White House Tells Agencies They Can Ignore Legal Decisions on Spending Violations
Findings from government's top watchdog that agencies spent illegally are not binding, the Office of Management and Budget says.
The White House instructed federal agencies they are under no obligation to comply with the legal decisions issued by the government’s top watchdog, saying in recent guidance the auditor’s rulings come from the legislative branch and are therefore not binding on the executive branch.
Agencies can ignore the direction provided to them by the Government Accountability Office when the watchdog finds they violated spending law, Mark Paoletta, general counsel at the Office of Management and Budget, said in a memorandum dated Nov. 5. He explained that GAO, as a legislative branch agency, cannot make demands that executive branch agencies notify Congress about their violations of the Antideficiency Act. Doing so, he said, would upend the constitutional separation of powers principle. The Antideficiency Act prohibits executive branch officials from spending appropriated funds in ways not approved by Congress and tasks GAO with enforcing its provisions. Agencies must report violations that GAO identifies to Congress.
“When an agency of the legislative branch interprets a law differently than the executive branch, the executive branch is not bound by its views,” Paoletta said. “ADA reporting requirements should reflect this principle.”
The memo followed recent findings by GAO that the departments of Interior and Agriculture both violated the ADA. The cases surrounded an unusual decision by the Trump administration during the record-setting government shutdown earlier this year instructing agencies to continue funding a variety of functions typically suspended during a lapse in appropriations.
As the shutdown dragged on and agencies were increasingly strained by a lack of resources, the administration diverted funds from their normal purposes to mitigate its impact. In one legal decision, GAO said the Interior Department violated the Antideficiency Act when it used recreation fees collected by the National Park Service to keep parks open and continue services such as trash collection and restroom maintenance. In another, GAO faulted the Agriculture Department for disbursing Supplemental Nutrition Assistance Program benefits early during the shutdown. In both cases, GAO warned that further infractions would result in fines and possible jail time. In October, GAO found the Treasury Department also violated the ADA during the shutdown for processing tax returns and issuing refunds. The watchdog similarly directed Treasury to notify Congress and threatened future imprisonment.
In his memo, Paoletta said OMB “respects GAO’s opinions as those of an agency of a coequal branch of government,” but a legal decision from the legislative branch constitutionally “cannot bind” the executive branch. Congress is not at risk of not learning about the spending violations, he added, because GAO already reports its findings directly to lawmakers. His memo also followed an OMB update to Circular A-11—which sets guidance for agencies on the budgeting process—that clarified agencies do not have to report violations of the ADA if the administration does not agree the spending was illegal.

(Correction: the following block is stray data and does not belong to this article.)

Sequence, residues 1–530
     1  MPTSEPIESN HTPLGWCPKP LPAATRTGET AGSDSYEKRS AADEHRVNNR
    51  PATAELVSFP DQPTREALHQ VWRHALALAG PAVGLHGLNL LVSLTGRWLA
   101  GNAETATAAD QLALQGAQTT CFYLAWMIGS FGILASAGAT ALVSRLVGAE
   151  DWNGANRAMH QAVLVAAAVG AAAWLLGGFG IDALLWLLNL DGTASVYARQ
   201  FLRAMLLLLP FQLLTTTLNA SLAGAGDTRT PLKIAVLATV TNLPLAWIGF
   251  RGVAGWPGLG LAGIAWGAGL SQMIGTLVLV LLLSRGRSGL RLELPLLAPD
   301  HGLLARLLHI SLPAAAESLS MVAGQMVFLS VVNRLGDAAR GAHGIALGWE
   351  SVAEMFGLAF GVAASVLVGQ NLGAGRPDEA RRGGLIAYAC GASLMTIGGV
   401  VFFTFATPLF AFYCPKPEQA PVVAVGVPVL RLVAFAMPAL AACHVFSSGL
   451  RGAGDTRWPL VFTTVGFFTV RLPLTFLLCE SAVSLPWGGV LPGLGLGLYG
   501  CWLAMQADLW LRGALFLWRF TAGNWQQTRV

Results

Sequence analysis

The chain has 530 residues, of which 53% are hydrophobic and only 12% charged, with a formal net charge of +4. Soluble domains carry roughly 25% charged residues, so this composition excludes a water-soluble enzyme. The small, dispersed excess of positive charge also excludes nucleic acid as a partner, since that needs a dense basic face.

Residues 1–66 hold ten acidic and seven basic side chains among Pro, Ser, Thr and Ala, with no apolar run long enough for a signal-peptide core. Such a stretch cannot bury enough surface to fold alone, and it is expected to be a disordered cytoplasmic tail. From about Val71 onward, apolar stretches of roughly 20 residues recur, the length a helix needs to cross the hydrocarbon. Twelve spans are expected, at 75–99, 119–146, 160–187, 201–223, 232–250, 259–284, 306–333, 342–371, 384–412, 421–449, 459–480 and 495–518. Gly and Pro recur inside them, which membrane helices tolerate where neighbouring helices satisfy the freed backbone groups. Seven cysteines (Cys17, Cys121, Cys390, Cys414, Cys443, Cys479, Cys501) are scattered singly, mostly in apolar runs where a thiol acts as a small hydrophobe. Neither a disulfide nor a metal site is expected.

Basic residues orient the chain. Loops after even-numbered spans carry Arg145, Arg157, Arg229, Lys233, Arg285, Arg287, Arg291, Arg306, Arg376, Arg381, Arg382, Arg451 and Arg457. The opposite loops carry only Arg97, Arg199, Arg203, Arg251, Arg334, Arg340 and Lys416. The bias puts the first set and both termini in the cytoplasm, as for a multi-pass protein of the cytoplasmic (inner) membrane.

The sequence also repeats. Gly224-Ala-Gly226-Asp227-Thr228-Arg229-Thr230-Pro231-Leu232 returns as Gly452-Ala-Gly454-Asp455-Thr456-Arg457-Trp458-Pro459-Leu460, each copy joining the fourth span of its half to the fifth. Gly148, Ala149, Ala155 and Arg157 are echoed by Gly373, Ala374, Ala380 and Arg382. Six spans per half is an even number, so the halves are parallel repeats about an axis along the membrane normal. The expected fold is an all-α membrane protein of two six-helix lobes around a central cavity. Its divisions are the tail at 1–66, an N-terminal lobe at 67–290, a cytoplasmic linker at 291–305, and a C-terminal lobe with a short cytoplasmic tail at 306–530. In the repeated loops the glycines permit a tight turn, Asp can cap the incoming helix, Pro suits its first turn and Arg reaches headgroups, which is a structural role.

While Congress is free to ask for agencies’ views on GAO reports, Paoletta said, they only have to report a spending violation if the agency itself finds that such an infraction occurred. In its prior rulings, GAO said the violating agencies “must” report their infractions to Congress. The OMB official cited a 2005 Justice Department opinion to support his interpretation of the law.
In response to OMB's changes to the budget document, GAO sent a letter of its own to agency counsels warning if they failed to notify Congress of ADA violations, GAO would issue the notifications itself and note the failure to report. OMB's policy update is "a departure from longstanding guidance to agencies," GAO General Counsel Thomas Armstrong wrote in September, while noting the ADA "serves to protect and underscore Congress’s constitutional prerogatives of the purse."
Asked to comment on Paoletta’s letter, a GAO spokeswoman said the watchdog agency’s “position remains the same.” The disagreement could soon come to a head in a particularly high-profile way, as The Wall Street Journal has reported GAO is currently investigating whether the administration's temporarily withholding of aid to Ukraine—a decision at the center of the impeachment probe of President Trump—violated the Antideficiency Act.
The administration also recently clashed with GAO after the watchdog agency said OMB could not pause international aid funding until it expired. The Trump administration has rebuffed the watchdog on multiple occasions.
This story has been updated. Also, the original headline was changed to indicate that the White House said agencies may ignore GAO's legal decisions, they are not instructed to ignore them.